Speaking Truth to Milwaukee
It’s probably bad form for a new executive in town to point out Milwaukee’s worst flaws right after accepting a $250 million welcome wagon gift from his new community.
Still, I can’t help wishing Peter Feigin, the new president of the Milwaukee Bucks, hadn’t scrambled quite so quickly to soften his tone and soothe feelings over his totally frank outsider’s assessment of the racial atmosphere in Milwaukee.
“Very bluntly, Milwaukee is the most segregated, racist place I’ve ever experienced in my life,” Feigin, a native of New York City, told the Rotary Club of Madison. “It just is a place that is antiquated. It is in desperate need of repair and has [been that way] for a long, long time.”
It’s not that Milwaukee has never heard such disparaging remarks. In fact, it hears them all the time. Local black leaders sent that message out across the country again during the Sherman Park protests over a police shooting.
What’s more, the opinions of those who bear the brunt of racism are regularly supported by the continuing release of statistics documenting some of the worst racial disparities in the nation in income, employment, residential segregation, education and other measures of community health.
And Feigin’s right, it’s been that way for a long, long time. In 2009 when historian Patrick Jones published his chronicle of the city’s role in the 1960s civil rights movement, Jones called Milwaukee “the Selma of the North.”
What was novel about Feigin publicly acknowledging Milwaukee’s glaring racial inequalities was that it came from a corporate leader. Feigin clearly hadn’t adjusted to the local corporate culture of ignoring such problems.
Perhaps that’s why Mayor Tom Barrett’s reaction struck exactly the right note. Instead of getting defensive, Barrett agreed Milwaukee had a lot of work to do. Barrett welcomed the community engagement of Feigin and his employers, billionaire Bucks owners Wes Edens, Marc Lasry and Jamie Dinan, three of the richest men in America.
“I think anybody who lives here has to be very concerned about [the racial disparities] and I am very concerned about that,” Barrett said. “But I also know that in order to change that, you have to have partners. And [Feigin] and the ownership team seem to be a willing partner.”
Imagine that. A so-called public-private partnership that doesn’t just suck a quarter-of-a-billion-dollar subsidy out of taxpayers to expand the wealth of top executives, but provides real leadership aimed at making Milwaukee a better place to live.
CEOs Welcome to Join BLM
There actually was a time when homegrown corporate leaders took pride in improving Milwaukee. In the ’60s and ’70s, Irwin Maier, chairman of the then locally owned Journal Company, and Edmund Fitzgerald, chairman of Northwestern Mutual Life Insurance, were driving forces organizing CEOs into the Greater Milwaukee Committee (GMC).
The GMC was always better at building stuff out of concrete (arenas, stadiums, museums, the Performing Arts Center) than tackling social problems. And the racial and class insensitivity of CEOs was shockingly obvious in their support of massive freeway building that devastated healthy black neighborhoods and businesses.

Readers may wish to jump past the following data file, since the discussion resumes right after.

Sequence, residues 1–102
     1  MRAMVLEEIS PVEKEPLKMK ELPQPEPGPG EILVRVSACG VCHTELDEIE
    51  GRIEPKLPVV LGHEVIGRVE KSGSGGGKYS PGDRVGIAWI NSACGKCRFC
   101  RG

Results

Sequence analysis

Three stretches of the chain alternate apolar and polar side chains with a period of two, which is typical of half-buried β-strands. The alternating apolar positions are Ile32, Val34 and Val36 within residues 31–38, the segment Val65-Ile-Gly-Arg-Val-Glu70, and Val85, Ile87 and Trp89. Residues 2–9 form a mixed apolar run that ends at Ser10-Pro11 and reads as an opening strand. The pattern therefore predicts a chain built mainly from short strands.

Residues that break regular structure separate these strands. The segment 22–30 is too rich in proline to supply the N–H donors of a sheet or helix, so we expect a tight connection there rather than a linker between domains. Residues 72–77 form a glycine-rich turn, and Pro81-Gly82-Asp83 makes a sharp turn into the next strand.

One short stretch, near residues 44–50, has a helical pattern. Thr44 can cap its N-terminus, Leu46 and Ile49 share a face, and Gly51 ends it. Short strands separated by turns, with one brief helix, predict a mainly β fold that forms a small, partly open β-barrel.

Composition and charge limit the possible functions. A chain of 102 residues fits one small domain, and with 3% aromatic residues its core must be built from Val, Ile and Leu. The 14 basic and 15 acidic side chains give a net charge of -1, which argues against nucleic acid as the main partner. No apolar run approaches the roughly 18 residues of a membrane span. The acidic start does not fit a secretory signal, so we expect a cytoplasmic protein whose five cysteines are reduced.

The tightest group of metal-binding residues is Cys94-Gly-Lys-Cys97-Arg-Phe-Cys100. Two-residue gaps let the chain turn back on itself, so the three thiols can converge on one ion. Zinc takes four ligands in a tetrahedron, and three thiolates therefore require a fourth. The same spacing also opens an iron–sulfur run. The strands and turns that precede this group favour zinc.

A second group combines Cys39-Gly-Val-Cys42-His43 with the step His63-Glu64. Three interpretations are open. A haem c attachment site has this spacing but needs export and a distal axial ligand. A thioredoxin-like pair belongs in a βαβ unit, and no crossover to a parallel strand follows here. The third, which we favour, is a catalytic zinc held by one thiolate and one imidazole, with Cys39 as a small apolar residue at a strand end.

But there also was another spinoff of top executives led by the Journal’s Maier and Ben Barkin, the public relations man for Schlitz Brewery, called the Committee of We-Milwaukeeans.
It actively supported the open housing marches of Father James Groppi and Ald. Vel Phillips battling residential segregation over the united opposition of Mayor Henry Maier (definitely no relation) and every alderman on the Common Council except Phillips, the only African American.
Wouldn’t it be something if Milwaukee’s corporate leaders were once again committed to supporting positive social change? It actually would make economic sense, increasing the profits of private corporations like the Bucks with citizens of all races having equal access to family-supporting jobs and more disposable income.
Instead, too many corporate CEOs today are perfectly happy living far from the city and collecting tax benefits from Republican Gov. Scott Walker without raising a peep as he and the Legislature continue slashing state revenue and services for the city, its schools and its citizens.
Strong support already exists within the Bucks organization for corporate leaders and the players themselves taking an active role far beyond superficial public relations.
It was only a year ago that Bucks forward John Henson experienced the ugly racism of employees at a suburban Whitefish Bay jewelry store locking him out and calling the police assuming Henson was a black man planning to rob their store instead of a millionaire buying an expensive watch.
Jabari Parker, the Bucks rising star and one of their top draft picks, is one of those socially conscious, young athletes who publicly supports the Black Lives Matter protests.
There’s no reason the modern civil rights movement growing across the country around the principle that Black Lives Matter should be limited to black activists and their white allies in the streets.
Billionaires and millionaires in corporate boardrooms are welcome.